• Excellent price (around $70/night)
  • This is where I stayed, and they were exactly what I was looking for. My room was pretty tiny, but it was clean, and the staff was fantastic (especially the doorman, who was extremely helpful).

Suites Real 85 (3 stars)

  • Located about 4-5 blocks from the Rockefeller and Rock’n Jazz casinos
  • Good price (around $84/night)

There are also plenty of other hotels in the general vicinity, so you should be able to find one in the price range you are looking for.

Hotel Name & Link

Stars Rating

Approx. Price*

Distance from Rockefeller Casino

Hotel Saint Simon




1-2 blocks

Suites Real 85




4-5 blocks

GHL Hotel Hamilton




1-2 blocks

Charleston Bogota




1 block

Hotel Boheme Royal




1-2 blocks

Hotel Morrison 84




<1 block

Hotel Andino Royal




1 block

*Hotel prices will of course vary by season.

Dining in the Zona Rosa, Bogota

Since the Zona Rosa is the entertainment and nightlife district of Bogota, it is loaded with restaurants; there were probably 20 or more within 2 blocks of my hotel! Most of the restaurants are 4-star establishments that cater to the nightlife. bogota restaurantThat is, they typically don’t open until 6-7pm, have a great ambiance, and play music louder than you would expect in a restaurant (but still low enough that you can have a conversation without shouting). These trendy eateries are an excellent place for friends to meet for a meal, or just for drinks.

Every meal I had was excellent (with the exception of one), and the prices were very reasonable. Do not expect to be served typical Colombian food – the Zona Rosa is not a tourist trap; it caters to locals, and the locals apparently appreciate culinary variety! You can find Chinese, seafood, steakhouses, Vietnamese and many more types of cuisine all within a several block radius.

The first meal I ate was at a trendy Chinese restaurant just around the corner from the Rockefeller casino. I was given a plate of dried noodles with a spicy chili sauce as a free appetizer while I perused the menu. I started with a bowl of won ton soup, which was fantastic (and quite large). Since I had only gotten a crappy cheese sandwich on my flight, I got a full order of lo mein noodles, which turned out to be a mistake. The serving was so large that I probably left half of it. Sadly I did not have a fridge in my room because I would gladly have taken it home for lunch the next day, because it was delicious! I also had 2 fruit drinks with my meal, and the whole thing only cost me just $25, including tip!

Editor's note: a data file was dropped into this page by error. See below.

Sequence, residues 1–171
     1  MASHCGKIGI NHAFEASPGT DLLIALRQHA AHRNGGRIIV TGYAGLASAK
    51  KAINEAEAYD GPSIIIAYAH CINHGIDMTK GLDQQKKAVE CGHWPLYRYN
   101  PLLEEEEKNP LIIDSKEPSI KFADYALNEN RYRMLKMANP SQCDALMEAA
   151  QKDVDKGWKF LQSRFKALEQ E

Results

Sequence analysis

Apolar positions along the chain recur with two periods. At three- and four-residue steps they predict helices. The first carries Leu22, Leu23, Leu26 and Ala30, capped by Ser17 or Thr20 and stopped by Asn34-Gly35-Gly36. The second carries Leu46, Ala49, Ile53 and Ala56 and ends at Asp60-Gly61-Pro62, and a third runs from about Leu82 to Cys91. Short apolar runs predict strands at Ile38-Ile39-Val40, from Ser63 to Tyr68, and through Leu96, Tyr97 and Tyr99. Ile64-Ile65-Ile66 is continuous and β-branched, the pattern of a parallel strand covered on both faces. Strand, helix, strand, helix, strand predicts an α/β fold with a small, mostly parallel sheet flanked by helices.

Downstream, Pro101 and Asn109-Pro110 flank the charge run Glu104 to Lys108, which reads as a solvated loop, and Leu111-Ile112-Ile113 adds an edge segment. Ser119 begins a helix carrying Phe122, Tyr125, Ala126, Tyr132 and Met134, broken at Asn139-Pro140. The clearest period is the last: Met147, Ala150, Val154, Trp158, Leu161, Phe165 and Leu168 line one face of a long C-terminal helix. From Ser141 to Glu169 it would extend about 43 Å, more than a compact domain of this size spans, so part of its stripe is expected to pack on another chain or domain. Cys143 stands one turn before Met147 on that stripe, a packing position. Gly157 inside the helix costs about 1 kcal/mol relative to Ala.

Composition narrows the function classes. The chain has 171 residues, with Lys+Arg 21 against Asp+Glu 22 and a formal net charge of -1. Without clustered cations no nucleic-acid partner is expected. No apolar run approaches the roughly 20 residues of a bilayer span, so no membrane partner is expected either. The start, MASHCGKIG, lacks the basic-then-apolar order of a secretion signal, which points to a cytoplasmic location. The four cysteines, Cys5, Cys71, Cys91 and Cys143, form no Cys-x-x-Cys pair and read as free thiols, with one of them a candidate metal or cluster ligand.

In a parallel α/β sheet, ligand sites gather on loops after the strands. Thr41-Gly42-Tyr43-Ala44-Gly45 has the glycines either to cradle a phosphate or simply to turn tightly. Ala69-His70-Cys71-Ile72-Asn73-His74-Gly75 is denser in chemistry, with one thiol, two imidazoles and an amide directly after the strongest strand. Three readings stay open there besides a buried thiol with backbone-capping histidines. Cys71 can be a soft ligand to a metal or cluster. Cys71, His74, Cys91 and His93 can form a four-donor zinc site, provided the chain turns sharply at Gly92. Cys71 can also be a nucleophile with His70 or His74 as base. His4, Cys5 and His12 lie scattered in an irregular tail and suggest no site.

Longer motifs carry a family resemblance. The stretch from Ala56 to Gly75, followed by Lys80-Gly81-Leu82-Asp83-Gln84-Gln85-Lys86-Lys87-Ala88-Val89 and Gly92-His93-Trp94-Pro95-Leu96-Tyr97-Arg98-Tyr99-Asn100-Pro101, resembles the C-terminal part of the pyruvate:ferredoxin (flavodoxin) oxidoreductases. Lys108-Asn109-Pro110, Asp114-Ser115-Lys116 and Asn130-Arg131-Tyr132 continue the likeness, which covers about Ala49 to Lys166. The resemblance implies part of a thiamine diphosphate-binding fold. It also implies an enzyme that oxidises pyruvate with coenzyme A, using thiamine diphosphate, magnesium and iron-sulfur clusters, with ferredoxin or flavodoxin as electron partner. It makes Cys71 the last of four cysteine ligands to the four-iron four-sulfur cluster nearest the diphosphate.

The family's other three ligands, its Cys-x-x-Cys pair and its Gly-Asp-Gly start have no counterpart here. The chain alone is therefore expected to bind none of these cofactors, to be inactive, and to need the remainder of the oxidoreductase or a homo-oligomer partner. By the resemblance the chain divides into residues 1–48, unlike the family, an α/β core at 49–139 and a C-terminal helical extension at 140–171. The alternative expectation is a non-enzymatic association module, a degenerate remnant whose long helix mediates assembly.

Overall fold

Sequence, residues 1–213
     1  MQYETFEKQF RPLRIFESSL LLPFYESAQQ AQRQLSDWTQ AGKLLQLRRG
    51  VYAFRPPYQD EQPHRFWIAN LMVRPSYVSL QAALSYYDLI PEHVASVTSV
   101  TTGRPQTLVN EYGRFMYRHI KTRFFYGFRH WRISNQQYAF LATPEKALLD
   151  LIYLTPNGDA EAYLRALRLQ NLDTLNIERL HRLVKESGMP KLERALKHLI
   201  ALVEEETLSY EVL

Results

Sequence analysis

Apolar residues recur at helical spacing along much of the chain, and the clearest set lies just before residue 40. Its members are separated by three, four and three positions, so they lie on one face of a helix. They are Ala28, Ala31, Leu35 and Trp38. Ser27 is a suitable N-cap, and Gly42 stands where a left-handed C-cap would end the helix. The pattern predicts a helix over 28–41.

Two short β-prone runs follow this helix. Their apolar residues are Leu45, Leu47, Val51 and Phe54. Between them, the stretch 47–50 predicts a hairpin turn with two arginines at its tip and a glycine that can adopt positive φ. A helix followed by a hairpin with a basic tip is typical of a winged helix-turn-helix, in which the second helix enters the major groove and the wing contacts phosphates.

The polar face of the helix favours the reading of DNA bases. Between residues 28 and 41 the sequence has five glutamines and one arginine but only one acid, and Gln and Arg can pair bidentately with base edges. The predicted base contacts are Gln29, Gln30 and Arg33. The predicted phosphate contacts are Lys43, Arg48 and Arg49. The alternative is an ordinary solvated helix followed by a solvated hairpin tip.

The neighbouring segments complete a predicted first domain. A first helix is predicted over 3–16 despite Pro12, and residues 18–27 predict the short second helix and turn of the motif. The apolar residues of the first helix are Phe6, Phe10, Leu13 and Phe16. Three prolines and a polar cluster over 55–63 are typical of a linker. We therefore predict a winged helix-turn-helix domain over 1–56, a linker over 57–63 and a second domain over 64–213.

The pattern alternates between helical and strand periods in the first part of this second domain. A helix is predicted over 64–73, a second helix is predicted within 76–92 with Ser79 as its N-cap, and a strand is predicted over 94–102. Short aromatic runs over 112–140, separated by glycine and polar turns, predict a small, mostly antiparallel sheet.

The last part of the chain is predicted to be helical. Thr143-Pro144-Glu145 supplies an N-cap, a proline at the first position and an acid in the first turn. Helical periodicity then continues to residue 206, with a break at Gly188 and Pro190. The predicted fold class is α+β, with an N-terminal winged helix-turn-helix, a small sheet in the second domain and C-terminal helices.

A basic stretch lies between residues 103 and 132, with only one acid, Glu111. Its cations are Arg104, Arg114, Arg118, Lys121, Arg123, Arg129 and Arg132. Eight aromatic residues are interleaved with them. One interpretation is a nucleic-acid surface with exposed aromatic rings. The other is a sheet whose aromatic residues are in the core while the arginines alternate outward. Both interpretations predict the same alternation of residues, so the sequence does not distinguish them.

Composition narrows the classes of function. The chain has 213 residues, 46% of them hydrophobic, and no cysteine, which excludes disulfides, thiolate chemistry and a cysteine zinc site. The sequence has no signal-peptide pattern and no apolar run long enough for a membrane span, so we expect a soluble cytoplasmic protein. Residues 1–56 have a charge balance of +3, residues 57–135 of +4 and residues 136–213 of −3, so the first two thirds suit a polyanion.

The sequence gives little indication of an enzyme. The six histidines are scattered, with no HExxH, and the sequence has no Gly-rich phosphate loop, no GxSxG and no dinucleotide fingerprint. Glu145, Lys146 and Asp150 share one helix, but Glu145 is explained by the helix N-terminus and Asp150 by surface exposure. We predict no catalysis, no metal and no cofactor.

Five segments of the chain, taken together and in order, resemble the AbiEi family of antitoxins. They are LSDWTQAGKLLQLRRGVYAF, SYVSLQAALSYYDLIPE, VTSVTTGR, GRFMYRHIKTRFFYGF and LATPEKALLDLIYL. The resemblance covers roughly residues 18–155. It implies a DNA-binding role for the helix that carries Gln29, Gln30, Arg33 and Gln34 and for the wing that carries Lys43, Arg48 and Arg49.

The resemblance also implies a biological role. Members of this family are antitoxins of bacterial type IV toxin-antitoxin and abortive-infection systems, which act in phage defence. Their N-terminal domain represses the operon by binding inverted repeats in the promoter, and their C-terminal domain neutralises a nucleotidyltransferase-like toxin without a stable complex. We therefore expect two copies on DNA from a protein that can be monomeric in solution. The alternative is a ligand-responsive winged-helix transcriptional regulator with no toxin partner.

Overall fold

irish pub bogotaEven the “fast food” I ate while in Bogota was great. There was a Chinese restaurant across the street from my hotel that lets you select your choice of noodle, vegetables, meat and sauce, and then cooks it up in a wok while you wait. I also got take-out from a Mexican restaurant that made me the best burrito I’ve ever eaten!

Since I was in Bogota to play poker, I did not plan where I would eat, or do any online research. I simply walked around the block, read the menus posted outside several restaurants and went into the first one that struck my fancy. The only bad meal I ate was at a bar across the street from the Saint Simon hotel. I ate a breakfast there because I wanted to watch a soccer game that was not on any of the channels in my hotel. I ordered Huevos Rancheros, which were very bland. Also, my team played like crap and lost, so I would DEFINITELY not recommend the place!

bogota colombiaShopping in Bogota

Located at the geographical center of Colombia, Bogota is an ideal location for local artisans to showcase their wares. The city has plenty of malls, as well as an abundance of storefronts. There were 3 shopping malls within 2 blocks of my hotel! Since I spent most of my time in a casino, I am not an ideal source of information on the excellent shopping in Bogota.

I wanted to get some souvenirs, and the doorman at the Saint Simon was nice enough to recommend a little shop just a few blocks away. They had all sorts of Colombian craftwork and I was able to pick up some nice mementos from my trip (including a few bags of coffee).


I am torn when I consider whether or not I would want to return to Bogota for another poker trip. The people were friendly, the prices were reasonable, and the food was fantastic. However, the poker was disappointing. The play was certainly loose enough, but there simply weren’t enough games, and not enough money on the table when games did get started. However, the city itself was just so fantastic that I would highly recommend a visit!

What do you think? Is Bogota worth a visit? If you’ve been there yourself, we would love to hear about your experience in the comments below!